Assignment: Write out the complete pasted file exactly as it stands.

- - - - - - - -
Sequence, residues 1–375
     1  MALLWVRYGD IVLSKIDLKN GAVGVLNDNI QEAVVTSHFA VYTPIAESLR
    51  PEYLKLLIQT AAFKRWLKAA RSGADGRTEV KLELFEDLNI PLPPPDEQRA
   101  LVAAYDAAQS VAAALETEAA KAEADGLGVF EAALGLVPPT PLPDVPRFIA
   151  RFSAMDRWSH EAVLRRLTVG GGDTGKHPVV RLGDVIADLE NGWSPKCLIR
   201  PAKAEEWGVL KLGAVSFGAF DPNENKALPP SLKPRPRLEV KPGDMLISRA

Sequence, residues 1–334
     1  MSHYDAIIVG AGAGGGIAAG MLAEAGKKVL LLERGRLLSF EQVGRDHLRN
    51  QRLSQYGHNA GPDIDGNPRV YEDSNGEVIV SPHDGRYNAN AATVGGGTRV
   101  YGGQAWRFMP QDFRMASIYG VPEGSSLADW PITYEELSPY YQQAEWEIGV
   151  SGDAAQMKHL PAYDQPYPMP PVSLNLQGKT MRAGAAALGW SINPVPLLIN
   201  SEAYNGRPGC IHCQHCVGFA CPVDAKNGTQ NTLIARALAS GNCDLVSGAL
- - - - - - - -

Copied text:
Sequence, residues 1–375
     1  MALLWVRYGD IVLSKIDLKN GAVGVLNDNI QEAVVTSHFA VYTPIAESLR
    51  PEYLKLLIQT AAFKRWLKAA RSGADGRTEV KLELFEDLNI PLPPPDEQRA
   101  LVAAYDAAQS VAAALETEAA KAEADGLGVF EAALGLVPPT PLPDVPRFIA
   151  RFSAMDRWSH EAVLRRLTVG GGDTGKHPVV RLGDVIADLE NGWSPKCLIR
   201  PAKAEEWGVL KLGAVSFGAF DPNENKALPP SLKPRPRLEV KPGDMLISRA

Sequence, residues 1–334
     1  MSHYDAIIVG AGAGGGIAAG MLAEAGKKVL LLERGRLLSF EQVGRDHLRN
    51  QRLSQYGHNA GPDIDGNPRV YEDSNGEVIV SPHDGRYNAN AATVGGGTRV
   101  YGGQAWRFMP QDFRMASIYG VPEGSSLADW PITYEELSPY YQQAEWEIGV
   151  SGDAAQMKHL PAYDQPYPMP PVSLNLQGKT MRAGAAALGW SINPVPLLIN
   201  SEAYNGRPGC IHCQHCVGFA CPVDAKNGTQ NTLIARALAS GNCDLVSGAL